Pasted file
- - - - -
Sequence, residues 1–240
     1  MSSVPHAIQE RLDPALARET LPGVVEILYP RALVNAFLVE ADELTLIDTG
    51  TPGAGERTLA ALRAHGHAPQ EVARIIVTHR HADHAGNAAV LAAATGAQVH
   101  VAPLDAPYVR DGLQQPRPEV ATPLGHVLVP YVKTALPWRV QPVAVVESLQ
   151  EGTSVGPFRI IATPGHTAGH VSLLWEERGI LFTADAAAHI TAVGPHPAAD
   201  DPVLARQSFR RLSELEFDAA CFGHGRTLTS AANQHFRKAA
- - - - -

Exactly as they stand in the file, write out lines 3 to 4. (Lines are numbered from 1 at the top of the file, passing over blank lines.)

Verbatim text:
    51  TPGAGERTLA ALRAHGHAPQ EVARIIVTHR HADHAGNAAV LAAATGAQVH
   101  VAPLDAPYVR DGLQQPRPEV ATPLGHVLVP YVKTALPWRV QPVAVVESLQ